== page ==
On the front, apart from the huge gain pot, you also have 2 jack sockets for line in and headphone out. The output impedance is 2.3 ohms which is not too bad actually for a wide range of headphones but it lags behind more expensive portable amps such as the new RX from ALO Audio which is rated at 0.5 ohms and highly sensitive to boot. Even the cheaper amps such as the FiiO E06k is rated at 0.3 ohms and the E11K, also from FiiO is rated at less than 0.3 ohms also. It will be interesting to see how it performs with IEMs overall though the high DNR and THD+N rating should help. As such you cannot term this primarily as an IEM amp though I think given the size a lot of IEM users would want to give it a shot.

The pot is a stepped attenuated gain control with 21 steps and with decent physical resistance also. 21 steps is more than enough control given that the Ruby doesn’t have huge dollops of power so I would considerate that suitably accurate for subtle volume changes. It is also one of the better ones for balance control with very little left or right emphasis at very low volume levels which is usually a challenge for analog designs, particularly with IEMs.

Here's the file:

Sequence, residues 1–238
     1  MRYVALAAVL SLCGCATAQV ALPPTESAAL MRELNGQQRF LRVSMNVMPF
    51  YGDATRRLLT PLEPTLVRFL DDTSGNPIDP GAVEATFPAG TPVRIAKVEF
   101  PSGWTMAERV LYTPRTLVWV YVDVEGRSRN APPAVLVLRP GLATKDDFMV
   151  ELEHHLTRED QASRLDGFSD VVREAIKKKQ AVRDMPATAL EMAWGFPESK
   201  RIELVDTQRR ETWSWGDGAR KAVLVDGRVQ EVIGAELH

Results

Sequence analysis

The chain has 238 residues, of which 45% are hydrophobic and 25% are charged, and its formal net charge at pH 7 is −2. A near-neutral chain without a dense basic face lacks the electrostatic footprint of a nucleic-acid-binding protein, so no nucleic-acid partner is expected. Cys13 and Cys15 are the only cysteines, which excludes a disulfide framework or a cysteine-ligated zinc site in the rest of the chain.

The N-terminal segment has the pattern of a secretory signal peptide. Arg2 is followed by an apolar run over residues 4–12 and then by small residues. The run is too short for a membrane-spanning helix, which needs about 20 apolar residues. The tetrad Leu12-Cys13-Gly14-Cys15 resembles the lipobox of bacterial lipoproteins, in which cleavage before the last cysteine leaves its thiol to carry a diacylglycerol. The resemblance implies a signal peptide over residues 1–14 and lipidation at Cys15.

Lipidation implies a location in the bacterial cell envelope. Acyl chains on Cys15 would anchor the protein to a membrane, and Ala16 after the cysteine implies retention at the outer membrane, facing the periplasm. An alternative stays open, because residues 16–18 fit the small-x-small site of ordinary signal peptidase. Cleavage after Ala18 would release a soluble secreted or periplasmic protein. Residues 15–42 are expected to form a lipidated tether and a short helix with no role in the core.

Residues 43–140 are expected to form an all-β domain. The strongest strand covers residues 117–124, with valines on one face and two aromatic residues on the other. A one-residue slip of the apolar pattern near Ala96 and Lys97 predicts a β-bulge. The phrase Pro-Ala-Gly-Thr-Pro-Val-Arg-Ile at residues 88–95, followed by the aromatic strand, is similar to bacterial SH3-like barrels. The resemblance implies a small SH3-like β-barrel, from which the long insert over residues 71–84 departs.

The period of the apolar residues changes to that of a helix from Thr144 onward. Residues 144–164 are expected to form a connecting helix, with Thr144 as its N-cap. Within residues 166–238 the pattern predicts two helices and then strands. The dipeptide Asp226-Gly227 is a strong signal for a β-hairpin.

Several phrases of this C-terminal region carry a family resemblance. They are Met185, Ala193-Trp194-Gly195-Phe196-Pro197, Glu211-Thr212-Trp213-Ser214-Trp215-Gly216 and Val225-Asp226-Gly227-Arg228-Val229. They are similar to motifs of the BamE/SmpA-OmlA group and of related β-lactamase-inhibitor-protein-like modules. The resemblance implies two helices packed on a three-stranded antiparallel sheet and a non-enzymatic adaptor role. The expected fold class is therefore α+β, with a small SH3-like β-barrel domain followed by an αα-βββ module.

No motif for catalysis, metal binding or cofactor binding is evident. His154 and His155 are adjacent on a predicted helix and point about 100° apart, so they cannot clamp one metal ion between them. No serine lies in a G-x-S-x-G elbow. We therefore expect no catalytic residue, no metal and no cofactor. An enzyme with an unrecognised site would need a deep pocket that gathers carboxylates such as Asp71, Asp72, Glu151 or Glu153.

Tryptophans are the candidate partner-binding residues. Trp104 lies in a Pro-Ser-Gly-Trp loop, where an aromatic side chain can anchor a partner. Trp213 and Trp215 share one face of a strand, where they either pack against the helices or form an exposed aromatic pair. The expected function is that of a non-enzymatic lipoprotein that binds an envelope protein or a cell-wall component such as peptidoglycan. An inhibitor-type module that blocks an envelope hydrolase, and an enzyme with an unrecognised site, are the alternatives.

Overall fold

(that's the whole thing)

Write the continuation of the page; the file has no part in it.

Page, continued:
The back keeps things simple with a micro USB charging port (not to be confused with any DAC functionality which it does not have) on the far left and in the middle you have a charging light which comes on during charging and turns off when charge is complete. To the far right you have the on/off switch though I was hoping the LED light would come on when turned on but it seems not to in this case. The switch is low profile and stiff enough to prevent accidentally turning it on and off when out and about.